Researchers to examine health benefits of olives

By Chris Jones

- Last updated on GMT

Related tags: Olive oil

The potential health benefits of olives will be the focus of
researchers at the first university-based olive research and
education center in North America based at the University of
California, Davis.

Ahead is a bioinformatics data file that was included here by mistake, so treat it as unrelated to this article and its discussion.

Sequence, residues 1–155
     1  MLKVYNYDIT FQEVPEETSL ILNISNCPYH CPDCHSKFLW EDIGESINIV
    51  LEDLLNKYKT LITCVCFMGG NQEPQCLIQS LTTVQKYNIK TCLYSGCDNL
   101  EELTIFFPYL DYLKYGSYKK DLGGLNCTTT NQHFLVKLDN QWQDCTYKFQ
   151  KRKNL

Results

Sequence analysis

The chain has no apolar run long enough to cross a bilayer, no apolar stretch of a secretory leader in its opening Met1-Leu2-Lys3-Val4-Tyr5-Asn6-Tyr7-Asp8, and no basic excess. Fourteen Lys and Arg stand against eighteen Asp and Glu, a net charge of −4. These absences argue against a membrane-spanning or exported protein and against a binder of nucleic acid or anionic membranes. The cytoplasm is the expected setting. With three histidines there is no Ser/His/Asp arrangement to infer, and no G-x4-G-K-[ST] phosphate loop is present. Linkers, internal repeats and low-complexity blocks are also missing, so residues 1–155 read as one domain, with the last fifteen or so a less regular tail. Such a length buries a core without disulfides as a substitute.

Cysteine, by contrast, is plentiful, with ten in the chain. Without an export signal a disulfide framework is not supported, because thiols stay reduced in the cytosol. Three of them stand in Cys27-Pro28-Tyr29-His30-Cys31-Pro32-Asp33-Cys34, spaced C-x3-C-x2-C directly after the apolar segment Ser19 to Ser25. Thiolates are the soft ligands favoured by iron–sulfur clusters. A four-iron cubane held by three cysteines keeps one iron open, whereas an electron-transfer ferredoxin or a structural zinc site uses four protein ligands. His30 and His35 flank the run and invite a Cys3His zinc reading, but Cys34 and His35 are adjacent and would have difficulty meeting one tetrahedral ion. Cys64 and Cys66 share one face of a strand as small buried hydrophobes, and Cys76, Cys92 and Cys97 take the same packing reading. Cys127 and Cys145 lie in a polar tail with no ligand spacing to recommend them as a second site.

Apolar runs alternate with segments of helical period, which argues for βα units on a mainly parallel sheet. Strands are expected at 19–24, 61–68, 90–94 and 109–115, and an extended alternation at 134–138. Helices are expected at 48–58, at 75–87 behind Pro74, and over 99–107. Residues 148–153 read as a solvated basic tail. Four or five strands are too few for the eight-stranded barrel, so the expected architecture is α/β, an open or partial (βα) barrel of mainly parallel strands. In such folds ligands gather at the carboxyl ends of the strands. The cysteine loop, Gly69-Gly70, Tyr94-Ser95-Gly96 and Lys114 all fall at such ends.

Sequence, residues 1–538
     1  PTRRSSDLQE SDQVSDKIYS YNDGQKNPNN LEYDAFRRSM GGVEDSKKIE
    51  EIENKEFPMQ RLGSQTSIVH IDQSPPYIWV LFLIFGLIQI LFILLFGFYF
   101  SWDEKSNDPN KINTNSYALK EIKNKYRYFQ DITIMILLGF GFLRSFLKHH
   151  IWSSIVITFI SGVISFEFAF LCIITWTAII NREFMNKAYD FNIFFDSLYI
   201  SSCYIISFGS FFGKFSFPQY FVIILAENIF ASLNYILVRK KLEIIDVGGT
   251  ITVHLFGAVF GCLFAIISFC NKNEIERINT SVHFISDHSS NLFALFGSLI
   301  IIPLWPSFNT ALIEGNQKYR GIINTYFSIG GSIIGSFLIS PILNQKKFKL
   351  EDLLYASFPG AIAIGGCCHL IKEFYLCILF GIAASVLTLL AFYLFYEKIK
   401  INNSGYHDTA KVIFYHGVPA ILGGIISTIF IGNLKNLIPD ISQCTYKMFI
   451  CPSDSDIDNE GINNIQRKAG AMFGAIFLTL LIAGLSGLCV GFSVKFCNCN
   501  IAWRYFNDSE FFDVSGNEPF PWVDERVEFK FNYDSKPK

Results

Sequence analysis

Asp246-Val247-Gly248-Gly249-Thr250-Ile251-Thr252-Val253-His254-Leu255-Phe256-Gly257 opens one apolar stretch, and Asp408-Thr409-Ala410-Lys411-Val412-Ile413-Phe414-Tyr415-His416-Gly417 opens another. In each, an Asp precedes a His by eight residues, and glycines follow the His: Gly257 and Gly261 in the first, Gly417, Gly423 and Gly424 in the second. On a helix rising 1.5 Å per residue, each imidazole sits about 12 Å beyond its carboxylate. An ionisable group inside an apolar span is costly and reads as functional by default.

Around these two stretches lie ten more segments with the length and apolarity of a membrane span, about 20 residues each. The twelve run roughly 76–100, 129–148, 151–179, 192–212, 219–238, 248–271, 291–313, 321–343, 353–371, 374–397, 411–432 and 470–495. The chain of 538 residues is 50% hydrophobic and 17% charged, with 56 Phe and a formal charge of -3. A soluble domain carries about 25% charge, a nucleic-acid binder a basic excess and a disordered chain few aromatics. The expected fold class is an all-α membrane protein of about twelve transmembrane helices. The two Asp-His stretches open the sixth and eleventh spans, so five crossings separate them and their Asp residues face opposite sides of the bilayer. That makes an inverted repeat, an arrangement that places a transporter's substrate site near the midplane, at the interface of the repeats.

Researchers from UC Davis have already uncovered a myriad of beneficial compounds in grapes and wine and are hoping that the new Olive Center, part of the university's Robert Mondavi Institute for Wine and Food Science, will help them discover similar substances in olives. The center has been established with a combined $75,000 in seed funding from the campus's College of Agricultural and Environmental Sciences and the Office of Research, while olive growers and pressers Corto Olive, the Musco Family Olive Co., Bell-Carter Foods, the California Olive Oil Council and the California Olive Ranch have contributed $25,000. "The university had the privilege of helping move California wines into the world's highest rankings [through its research into the health benefits of moderate wine consumption],"​ said Dan Flynn, executive director of the new center. "Now we look forward to harnessing UC Davis' research expertise to help vault California olives and olive oil into that same league."​ Neal Van Alfen, dean of UC Davis' College of Agricultural and Environmental Sciences added that the new initiative would "lead to advances in olive growing and processing"​ and to "a better understanding of the link between olive products and consumer health".​ California is the only state in the US that produces a commercially significant crop of olives: approximately 70 to 80 per cent of the ripe olives consumed in the United States come from California. But while it is an important part of the local economy, the California olive industry is a small player on the global stage - Spain, for example, has more than 5.6 million acres of olives grown by 571,150 producers, compared to the 39,591 acres of olives grown on 1,549 farms in California, according to a 2002 census. California produces around 400,000 gallons of olive oil annually and output has been growing rapidly over the last decade as the body of evidence about the benefits of olives and olive oil has grown. Indeed, Californian olive oil production is now double the level of 10 years ago. Olive oil, as part of a balance Mediterranean diet rich in fish, fruit and vegetables, has been shown to reduce mortality levels and lower incidences of heart disease, obesity and certain types of cancers. Research by a team from the University of Barcelona, for example, found that LDL or 'bad' cholesterol levels could be cut substantially after consuming just 25 millilitres of virgin olive oil daily for one week. The compound hydroxytyrosol is thought to be the main antioxidant in olives, and, importantly, it is also thought to act in table olives as well as in oil. At present, 90 per cent of California's olive production is for canned olives, with only 10 per cent crushed for oil. But with such significant potential, California's olive growers have been keen to invest in new tree varieties that are more easily harvested and have greater yields. As a result, industry experts forecast that California's volume of olive oil will increase by 500 per cent in the next five years, according to UC Davis. "The olive center will help all olive producers, large and small, tackle the pressing challenges facing our industry. We anticipate that the center will enhance the economic viability of the California olive industry in an extremely competitive international marketplace,"​ said Alan Greene, president of the California Olive Oil Council and a vice-president of the California Olive Ranch. The UC Davis campus features what is though to be the most extensive collection of olive trees in North America: more than 2,000 in total. The university began pressing and processing olive oil from its trees in 2005, and produced 6,500 bottles of olive oil in 2007. As well as looking into the potential health benefits of olives and olive oil, the new center will also tackle areas that could help boost the state's olive industry in general. This includes strengthening California's olive oil labeling statutes, conducting research on issues identified by olive-oil and table-olive producers, and identifying better laboratory methods for detecting adulterated olive oil. The center also plans to establish a certified-organic olive orchard and will develop a research taste panel to help improve the quality of olive oils. A new olive-oil processing plant and a state-of-the-art milling center is expected to begin processing oil this fall.

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